Do your work, and I shall know you. Do your work, and you shall reinforce yourself. – Ralph Waldo Emerson
Prompt: Write down one thing you’ve always wanted to do and how you will achieve the goal. (Author: Colin Wright)
My to do list is vast and varied as are my interests. I have professional things I want to do as well as personal ones. My overall to do goal is to connect people across cultures, communities and countries. I want to engage more cross-cultural connections.
How do I do that? What is the one thing I want to do that will help me achieve that goal? I want to learn yoga. If I learn yoga, I learn how to exercise my mind and body in new ways and fill myself with the energy needed to fuel creative concepts to reach my goal.
By writing this down, step one is accomplished; I admitted the one thing I’ve always wanted to do. Step two, find someone immediately to jump start my yoga learning process. Find a local teacher. I have yoga teaching DVDs and books that have never been used. I have access to television shows demonstrating yoga that I never watch. Clearly, I need in-person, human contact to push me. Step three, take lessons at least once a week starting now. Step four, keep doing it. Step five, release myself from my teacher and go it alone. Step six, check “learn yoga” off my to do list. Done.
Next step, go with the flow: connect, create and continue discovering and doing new things.
When good is near you, when you have life in yourself, it is not by any known or accustomed way; you shall not discern the foot-prints of any other; you shall not see the. Face of man; you shall not hear my name; the way, the thought, the good, shall be wholly strange and new. – Ralph Waldo Emerson
Prompt: What alternative opportunities, interpretations and paths am I not seeing? (Author: Jonathan Fields)
Flexibility and Flow
Before starting a new journey, whether it’s a mental, physical or visual one, I do a few things. I figure out my potential destination or goal. To have an idea of where I’m headed helps me get there. I plot my travel path or strategy for reaching my destination. Then I relax and rely on flexibility and flow as well as instincts and vibes to guide me through the detours and distractions along the way.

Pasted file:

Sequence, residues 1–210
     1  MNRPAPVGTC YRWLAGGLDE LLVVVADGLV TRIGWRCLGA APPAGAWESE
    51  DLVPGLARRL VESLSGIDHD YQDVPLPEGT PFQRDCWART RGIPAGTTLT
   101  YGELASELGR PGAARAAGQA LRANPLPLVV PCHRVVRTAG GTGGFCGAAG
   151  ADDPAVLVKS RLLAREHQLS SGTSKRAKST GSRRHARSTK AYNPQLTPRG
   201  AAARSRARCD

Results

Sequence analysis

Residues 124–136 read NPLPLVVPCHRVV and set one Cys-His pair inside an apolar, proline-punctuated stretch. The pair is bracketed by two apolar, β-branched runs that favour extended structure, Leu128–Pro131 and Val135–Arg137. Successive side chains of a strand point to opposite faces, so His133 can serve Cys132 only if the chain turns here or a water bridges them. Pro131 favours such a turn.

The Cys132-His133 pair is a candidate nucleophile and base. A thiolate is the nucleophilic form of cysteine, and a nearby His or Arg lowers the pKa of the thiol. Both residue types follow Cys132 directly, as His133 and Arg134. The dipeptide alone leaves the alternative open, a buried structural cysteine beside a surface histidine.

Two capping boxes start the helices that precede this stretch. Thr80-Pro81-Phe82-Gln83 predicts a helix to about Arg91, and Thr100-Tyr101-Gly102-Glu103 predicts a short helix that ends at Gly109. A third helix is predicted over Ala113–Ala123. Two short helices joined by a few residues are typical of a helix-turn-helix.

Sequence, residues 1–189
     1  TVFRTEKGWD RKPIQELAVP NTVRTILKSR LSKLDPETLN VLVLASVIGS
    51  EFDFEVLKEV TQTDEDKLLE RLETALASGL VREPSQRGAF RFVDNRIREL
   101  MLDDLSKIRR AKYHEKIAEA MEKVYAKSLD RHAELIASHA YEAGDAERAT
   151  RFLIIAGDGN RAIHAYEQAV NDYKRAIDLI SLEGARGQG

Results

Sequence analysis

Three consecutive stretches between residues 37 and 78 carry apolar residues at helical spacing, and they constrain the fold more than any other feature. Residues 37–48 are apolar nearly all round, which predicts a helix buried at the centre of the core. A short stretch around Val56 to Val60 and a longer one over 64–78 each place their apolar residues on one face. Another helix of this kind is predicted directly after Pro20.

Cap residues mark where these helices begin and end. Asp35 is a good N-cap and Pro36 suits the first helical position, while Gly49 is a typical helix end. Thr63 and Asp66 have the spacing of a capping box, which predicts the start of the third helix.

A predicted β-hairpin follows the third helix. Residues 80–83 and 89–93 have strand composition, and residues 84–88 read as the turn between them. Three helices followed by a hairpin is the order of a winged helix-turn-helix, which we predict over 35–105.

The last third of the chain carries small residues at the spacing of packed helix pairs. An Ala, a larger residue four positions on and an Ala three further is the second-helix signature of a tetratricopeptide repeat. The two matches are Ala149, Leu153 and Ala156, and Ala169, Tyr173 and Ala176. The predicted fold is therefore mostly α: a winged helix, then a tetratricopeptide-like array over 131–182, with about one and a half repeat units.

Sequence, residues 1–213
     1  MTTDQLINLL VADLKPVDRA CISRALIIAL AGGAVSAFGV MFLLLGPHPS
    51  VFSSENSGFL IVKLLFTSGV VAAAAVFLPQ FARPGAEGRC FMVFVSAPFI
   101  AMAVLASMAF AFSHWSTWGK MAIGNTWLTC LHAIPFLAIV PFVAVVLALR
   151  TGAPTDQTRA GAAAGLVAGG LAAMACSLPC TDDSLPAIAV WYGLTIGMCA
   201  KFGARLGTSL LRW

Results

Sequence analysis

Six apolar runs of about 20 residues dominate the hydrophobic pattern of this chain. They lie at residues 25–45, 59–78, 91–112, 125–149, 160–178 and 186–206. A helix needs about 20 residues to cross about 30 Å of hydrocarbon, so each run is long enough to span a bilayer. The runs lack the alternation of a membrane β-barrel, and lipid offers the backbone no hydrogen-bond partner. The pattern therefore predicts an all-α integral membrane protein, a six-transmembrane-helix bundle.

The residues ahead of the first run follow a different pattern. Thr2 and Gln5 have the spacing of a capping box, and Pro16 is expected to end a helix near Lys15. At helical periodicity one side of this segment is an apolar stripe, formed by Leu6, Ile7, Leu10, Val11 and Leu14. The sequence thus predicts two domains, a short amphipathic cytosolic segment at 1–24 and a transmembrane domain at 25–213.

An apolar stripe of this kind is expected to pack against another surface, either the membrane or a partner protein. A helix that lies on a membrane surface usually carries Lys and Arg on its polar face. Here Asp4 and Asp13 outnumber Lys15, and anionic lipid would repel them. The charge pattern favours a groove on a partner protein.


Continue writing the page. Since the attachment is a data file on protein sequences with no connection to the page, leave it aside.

Unknowns abound. Set backs occur. Mountains appear. Bridges must be crossed. Sometimes on the journey I veer left. Other times, I pave new paths. I keep moving. When my eyes open wide, I see the detours as discoveries. The distractions disappear. Flexibility allows me to bend in the direction I’m to go. Flow allows me to accept my alternative destination.
I will not hide my tastes or aversions. I will so trust that what is deep is holy, if we follow the truth, it will bring us out safe at last. – Ralph Waldo Emerson
Prompt: Think of a time when you didn’t think you were capable of doing something, but then surprised yourself. How will you surprise yourself this week? (Author: Ashley Ambirge)
Come from behind, surprise a child by saying “boo” and the reaction is either to giggle for joy or cry out of fear. The surprise “boo” breaks routine and brings some expected wow into a child’s life. That’s a good thing. It’s called living. I try doing wow weekly. My wow is simply exploring, discovering or trying something outside of my other routines.
Routine defines our work. If you write every day for a living, you’re a writer. An artist’s routine is to paint, draw or sculpt. Campaigning is a politician’s routine. If telling jokes is your routine, you’re a comedian. Routine also limits living. Habitual thoughts of defeat builds fears and insecurities. Constantly being late misses early opportunities. A series of sameness avoids discovering something new. A routine of inaction means no progress.
Surprises balance our lives. Too much routine and too few surprises lack wow, and without wow we never fully come alive. As a child, I waited for others to surprise me. As an adult, I work on surprising myself by doing wow regularly. This week doing wow will mean doing something as hard as writing and posting this blog daily while traveling and doing something as easy as congratulating myself and thinking, “Wow, I did it!”
These are the voices which we hear in solitude, but they grow faint and inaudible as we enter into the world. Society everywhere is in conspiracy against the manhood of every one of it’s members. – Ralph Waldo Emerson
Is fear holding you back from living your fullest life and being truly self expressed? Can you be happy being anything less than who you really are? (Author: Lachlan Cotter)
Change is constant: seasons come and go, life ends, fear is temporary, and time is fleeting, so I flow on fearless faith. To hold on to anything too long and too tight is worthless and lifeless. When I’m asleep I have dreams and when I’m awake I try to reach my dreams. To try means one day I might stumble, tumble and fail, and the next day as long as my legs don’t fail me, I get up and return to reaching my dreams. That’s who I am.
I understand how temporary so much in life is including the breaths I take on earth. Therefore, I listen more to my inner voice of fearless faith and less to that voice of fear.
One World, One Tribe
To believe your own thought, to believe that what is true for you in your private heart is true for all men, that is genius. – Ralph Waldo Emerson